As an admin, I can easily switch between child themes, but I could do with something that allows the visitor to choose between regular, high-contrast and large font variations, and then set a cookie to remember their choice.

    Has anyone come across such a solution?

  • Thanks Eric for this great article. Most users are only concerned about how their site looks instead of how their site is made. Adding alt tags to images has additional benefit of making it search engine friendly.

    Some of the pulgins you mentioned are outdated but i am glad to hear that you are writing a updated article.

    i am looking forward to it.

    • Thank you, Mudit.

      Yes, I’m going to be writing a follow up article. I spend most of my time learning and applying SEO techniques and strategies. This was an attempt to delve into the accessibility/usability side of SEO for a moment.

  • Read your article with interest and have added a link to it from my own website. However when looking at two of the plugins there is a warning that they are more than two years old and may have compatibility issues. Have you tested them?

    • Thank you, Steve. Those plugins worked fine with my wordpress install; however, look out for the follow up article that will go into detail about updated solutions to make it even easier for almost everyone.

  • Thanks for a really nice article. My only quibble is with

    “If an image is displayed using HTML but is purely decorative, then use the alt tag but leave it empty. That tells the screen reader that an image is present but has no meaning for the user and can be ignored.”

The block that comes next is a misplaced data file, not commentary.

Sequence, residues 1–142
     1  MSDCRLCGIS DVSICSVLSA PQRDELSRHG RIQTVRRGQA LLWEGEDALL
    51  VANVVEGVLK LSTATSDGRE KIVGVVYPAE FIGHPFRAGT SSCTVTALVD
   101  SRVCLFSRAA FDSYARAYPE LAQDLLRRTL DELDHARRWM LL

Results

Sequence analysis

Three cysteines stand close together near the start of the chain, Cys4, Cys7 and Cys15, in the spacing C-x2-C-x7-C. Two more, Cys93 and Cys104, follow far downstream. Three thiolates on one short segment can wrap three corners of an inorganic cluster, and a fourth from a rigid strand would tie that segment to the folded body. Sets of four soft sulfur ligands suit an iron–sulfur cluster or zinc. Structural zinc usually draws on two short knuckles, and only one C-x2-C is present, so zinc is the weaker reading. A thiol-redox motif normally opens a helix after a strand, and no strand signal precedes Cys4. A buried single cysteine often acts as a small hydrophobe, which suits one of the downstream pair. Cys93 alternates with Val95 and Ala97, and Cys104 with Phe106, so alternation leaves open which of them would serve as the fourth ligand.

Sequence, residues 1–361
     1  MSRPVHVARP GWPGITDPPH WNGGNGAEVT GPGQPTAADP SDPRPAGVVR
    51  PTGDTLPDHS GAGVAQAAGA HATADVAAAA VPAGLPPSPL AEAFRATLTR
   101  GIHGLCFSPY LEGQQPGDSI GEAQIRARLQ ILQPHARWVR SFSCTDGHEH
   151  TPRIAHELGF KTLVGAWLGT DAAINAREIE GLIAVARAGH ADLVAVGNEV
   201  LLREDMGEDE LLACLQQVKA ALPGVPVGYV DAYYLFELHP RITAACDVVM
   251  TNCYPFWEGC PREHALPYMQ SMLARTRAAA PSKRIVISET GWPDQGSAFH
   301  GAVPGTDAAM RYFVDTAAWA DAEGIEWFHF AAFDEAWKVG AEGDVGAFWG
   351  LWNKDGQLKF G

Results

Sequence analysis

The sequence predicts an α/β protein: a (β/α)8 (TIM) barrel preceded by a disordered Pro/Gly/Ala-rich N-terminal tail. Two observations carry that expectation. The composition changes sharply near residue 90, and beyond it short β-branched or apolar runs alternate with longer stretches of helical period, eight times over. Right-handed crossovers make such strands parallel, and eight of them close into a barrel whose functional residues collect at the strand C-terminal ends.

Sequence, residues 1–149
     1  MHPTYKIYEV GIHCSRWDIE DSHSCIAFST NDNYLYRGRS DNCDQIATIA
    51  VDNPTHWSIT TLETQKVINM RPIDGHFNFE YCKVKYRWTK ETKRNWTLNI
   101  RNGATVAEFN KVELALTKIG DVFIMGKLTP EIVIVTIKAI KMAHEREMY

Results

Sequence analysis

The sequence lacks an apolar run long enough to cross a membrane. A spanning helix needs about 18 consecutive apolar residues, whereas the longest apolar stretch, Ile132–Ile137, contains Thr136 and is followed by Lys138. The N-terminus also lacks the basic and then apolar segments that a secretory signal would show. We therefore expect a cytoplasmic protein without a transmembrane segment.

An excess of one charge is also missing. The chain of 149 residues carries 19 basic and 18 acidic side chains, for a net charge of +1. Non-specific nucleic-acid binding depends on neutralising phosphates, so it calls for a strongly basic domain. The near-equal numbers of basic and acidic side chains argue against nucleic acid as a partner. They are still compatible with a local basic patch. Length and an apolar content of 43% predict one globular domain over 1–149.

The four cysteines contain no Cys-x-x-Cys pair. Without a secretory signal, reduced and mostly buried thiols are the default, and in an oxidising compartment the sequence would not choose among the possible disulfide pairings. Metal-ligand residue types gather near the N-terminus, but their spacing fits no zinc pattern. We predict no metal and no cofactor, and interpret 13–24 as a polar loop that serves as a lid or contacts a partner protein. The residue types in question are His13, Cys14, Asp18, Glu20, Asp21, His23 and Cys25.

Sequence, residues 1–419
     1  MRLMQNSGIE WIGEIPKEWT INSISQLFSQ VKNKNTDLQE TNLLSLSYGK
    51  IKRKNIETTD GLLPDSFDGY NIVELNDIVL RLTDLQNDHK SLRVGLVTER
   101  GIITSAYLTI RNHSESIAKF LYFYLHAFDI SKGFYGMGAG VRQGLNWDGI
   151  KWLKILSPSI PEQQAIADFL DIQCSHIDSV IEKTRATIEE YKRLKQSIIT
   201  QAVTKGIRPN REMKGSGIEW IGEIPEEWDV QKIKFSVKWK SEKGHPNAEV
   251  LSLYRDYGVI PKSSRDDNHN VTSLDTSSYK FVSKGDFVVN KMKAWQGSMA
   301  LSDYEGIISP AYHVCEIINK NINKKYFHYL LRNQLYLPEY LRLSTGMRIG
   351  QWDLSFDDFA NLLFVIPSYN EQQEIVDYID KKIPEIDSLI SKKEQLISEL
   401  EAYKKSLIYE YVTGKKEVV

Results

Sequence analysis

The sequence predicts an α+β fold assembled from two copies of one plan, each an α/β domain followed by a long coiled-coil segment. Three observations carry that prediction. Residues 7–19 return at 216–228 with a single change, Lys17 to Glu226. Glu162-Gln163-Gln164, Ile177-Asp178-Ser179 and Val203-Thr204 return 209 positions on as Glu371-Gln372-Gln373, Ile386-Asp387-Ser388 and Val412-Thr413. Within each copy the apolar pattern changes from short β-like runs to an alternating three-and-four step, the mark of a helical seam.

There is no reason to do this practice any more. If the image is decorative it needs to be used as a CSS background image (as you state before this quote).

    • Exactly, Bud. Thanks for pointing that out. I just wanted to give several options.

  • I’d like to add that not only images need text, but also audio. All video and audio need to be captioned and transcribed. It also benefits seo as search engines are deaf. For more info, read on audio-accessibility.com.

  • sfp

    haha, thanks for your article, these are also the ways to seo.

  • Wow! Good piece of information Eric. We surely use this information for our WordPress projects as we also face accessibility problems in many projects.
    Thanks for sharing

    • Glad to provide useful information, WPCanvas.
      Let me know if you’d like me to cover a related topic in my next article.

  • Chris V

    Not wanting to put on a troll suit but i think your headings example isn’t right. Your the way you’ve put it is a sub-heading (or sub sub heading) of Horror Movies for 2008. You shouldn’t skip a heading level and that content shouldn’t be nested under that .

    Heading levels represent how the information is structured, not how important it is (accepting that well written plain english articles will generally float the more pertinent information towards the primary heading levels anyway).

    It’s the same rationale as IA dividing information into logical segments rather than purely by importance. The UX design should instead direct the traffic.

    • Thank you Chris,

      I’m open to seeing how you would fix it. Feel free to post the corrected version in the comments section.

      I guess I looked from the perspective of SEO, assuming that heading levels represent how important it is. However, I’m open to learning, Chris.

  • Really informative….Thanks for sharing